The two poems ‘Night of the Scorpion’ and ‘Vultures’ are both similar in several ways but the most obvious similarity is that both poems involve animals. Both poems also involve evil and love, ‘Night of the Scorpion’ talking about the evil of a scorpion’s sting and a mother’s love and ‘Vultures’ talking about how evil creatures are able to love. In ‘Night of the Scorpion’, the speaker’s mother is stung by a scorpion and the local people try all sorts of bizarre and superstitious remedies.
In this poem you feel some sympathy for the scorpion; it has been driven from its home by the rain and forced to take cover beneath a sack of rice.
The scorpion is not being aggressive, it is not wandering through the house trying to find someone to sting, it is acting defensively because its hiding place has been disturbed. The vultures, however, seem a lot more sinister. They are seeking out corpses and “gorging” themselves on the flesh.
Even though they are not being aggressive by attacking living animals, the fact that they are feasting on corpses makes you think of them as cowardly animals, waiting for another animal to kill something and then stealing the leftovers.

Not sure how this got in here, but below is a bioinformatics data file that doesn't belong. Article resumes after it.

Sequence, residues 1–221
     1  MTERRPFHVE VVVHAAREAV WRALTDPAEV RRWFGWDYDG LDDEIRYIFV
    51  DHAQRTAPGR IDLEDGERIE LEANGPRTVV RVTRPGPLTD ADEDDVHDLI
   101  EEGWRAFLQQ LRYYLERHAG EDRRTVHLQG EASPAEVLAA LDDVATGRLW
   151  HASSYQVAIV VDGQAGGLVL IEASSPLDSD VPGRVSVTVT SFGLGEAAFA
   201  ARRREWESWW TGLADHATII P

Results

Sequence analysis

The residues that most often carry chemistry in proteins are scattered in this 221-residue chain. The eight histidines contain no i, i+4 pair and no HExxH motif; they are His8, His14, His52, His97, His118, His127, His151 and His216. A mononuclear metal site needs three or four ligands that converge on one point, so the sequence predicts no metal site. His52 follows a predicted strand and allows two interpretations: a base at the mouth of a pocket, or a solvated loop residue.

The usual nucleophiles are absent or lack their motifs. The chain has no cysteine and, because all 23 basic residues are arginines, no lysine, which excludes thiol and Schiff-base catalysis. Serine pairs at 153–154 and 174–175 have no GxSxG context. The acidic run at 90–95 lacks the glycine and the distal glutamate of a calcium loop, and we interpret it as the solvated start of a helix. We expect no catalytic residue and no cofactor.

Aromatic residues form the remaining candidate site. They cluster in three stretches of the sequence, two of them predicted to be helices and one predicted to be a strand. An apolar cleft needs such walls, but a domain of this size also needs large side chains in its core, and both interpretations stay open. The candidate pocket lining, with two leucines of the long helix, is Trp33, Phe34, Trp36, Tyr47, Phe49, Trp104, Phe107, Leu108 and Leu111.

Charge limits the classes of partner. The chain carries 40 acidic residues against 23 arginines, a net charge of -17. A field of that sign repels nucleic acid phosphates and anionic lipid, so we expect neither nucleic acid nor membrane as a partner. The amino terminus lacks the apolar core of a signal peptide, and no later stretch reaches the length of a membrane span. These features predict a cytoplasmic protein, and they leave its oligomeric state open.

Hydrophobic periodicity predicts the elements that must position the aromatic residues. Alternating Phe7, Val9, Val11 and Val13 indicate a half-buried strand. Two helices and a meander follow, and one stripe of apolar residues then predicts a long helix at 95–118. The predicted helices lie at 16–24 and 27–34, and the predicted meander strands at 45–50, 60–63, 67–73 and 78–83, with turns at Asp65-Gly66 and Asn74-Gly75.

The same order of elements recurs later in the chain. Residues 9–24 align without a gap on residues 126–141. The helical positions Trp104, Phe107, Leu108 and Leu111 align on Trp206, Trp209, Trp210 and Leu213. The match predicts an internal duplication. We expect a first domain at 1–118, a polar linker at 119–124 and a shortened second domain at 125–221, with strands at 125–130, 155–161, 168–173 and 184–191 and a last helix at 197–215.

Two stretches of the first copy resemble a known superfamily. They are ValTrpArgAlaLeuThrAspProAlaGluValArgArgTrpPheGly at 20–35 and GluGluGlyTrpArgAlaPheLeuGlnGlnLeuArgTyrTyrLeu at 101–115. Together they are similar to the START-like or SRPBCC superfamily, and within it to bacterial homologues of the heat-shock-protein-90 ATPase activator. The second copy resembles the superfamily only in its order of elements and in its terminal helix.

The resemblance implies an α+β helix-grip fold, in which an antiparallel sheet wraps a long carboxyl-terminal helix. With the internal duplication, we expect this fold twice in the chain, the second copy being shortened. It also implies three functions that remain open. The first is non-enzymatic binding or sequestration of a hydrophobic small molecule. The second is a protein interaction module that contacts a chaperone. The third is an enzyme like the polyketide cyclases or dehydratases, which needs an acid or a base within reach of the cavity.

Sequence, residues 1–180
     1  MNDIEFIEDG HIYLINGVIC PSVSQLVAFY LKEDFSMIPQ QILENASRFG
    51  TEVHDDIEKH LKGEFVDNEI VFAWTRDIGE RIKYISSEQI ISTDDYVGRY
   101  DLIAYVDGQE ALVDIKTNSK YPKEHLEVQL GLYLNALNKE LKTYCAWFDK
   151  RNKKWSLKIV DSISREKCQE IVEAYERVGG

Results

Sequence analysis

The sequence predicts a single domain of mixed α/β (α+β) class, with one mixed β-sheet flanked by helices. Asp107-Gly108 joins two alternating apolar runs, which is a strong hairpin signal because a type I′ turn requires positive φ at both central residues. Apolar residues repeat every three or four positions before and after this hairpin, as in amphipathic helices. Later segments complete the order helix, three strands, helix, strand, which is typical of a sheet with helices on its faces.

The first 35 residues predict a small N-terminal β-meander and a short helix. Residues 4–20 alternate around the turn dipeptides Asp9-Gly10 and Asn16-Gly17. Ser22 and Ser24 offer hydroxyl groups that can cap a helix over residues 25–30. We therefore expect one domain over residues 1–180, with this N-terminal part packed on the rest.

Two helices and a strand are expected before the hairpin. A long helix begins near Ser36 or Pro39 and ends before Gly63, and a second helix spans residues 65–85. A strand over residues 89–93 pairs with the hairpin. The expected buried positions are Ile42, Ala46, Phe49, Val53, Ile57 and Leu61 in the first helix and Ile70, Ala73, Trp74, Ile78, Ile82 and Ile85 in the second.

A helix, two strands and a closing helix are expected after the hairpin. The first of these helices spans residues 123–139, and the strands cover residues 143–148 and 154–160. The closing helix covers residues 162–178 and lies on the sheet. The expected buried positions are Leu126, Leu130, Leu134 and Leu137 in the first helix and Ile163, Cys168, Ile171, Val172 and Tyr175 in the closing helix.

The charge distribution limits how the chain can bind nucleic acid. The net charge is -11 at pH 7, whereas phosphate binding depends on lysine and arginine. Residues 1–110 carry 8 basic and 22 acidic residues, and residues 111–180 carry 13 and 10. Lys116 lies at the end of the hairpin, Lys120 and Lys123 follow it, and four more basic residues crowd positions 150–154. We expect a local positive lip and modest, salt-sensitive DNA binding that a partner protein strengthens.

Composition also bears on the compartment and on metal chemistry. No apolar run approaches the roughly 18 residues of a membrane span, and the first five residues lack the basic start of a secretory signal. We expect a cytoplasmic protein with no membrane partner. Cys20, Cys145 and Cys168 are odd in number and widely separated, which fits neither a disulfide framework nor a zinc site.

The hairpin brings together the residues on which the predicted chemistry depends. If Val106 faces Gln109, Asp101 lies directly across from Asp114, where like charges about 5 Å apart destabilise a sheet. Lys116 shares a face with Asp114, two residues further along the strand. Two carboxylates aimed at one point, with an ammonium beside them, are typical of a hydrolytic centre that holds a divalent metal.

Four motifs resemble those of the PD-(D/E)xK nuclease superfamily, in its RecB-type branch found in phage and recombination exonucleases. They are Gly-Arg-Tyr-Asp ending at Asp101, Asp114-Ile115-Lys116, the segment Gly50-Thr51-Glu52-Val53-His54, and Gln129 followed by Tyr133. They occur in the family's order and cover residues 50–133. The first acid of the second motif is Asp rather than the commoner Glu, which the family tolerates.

Both of the animals act differently and therefore serve different purposes in their respective poems. In ‘Night of the Scorpion’, the scorpion causes pain to the speaker’s mother and it is this pain, and the people in the poem’s reactions to the pain, that is dealt with.
In ‘Vultures’ however, the vultures are used as metaphors to show that even evil things can love. ‘Night of the Scorpion’ is a poem that deals mostly with someone else’s pain, whereas the poem ‘Vultures’ deals with a person who is causing pain.
‘Night of the Scorpion’ involves the speaker in the poem, recalling an incident in which his mother was stung by a scorpion, whilst ‘Vultures’ deals with a Nazi officer who has been killing people. Both poems also deal with infection, in ‘Night of the Scorpion’ the mother has been infected with a scorpion’s venom, and this is coursing through her veins, and in ‘Vultures’, a “Daddy” has been infected with evil and has become a Nazi officer, not thinking twice about killing someone.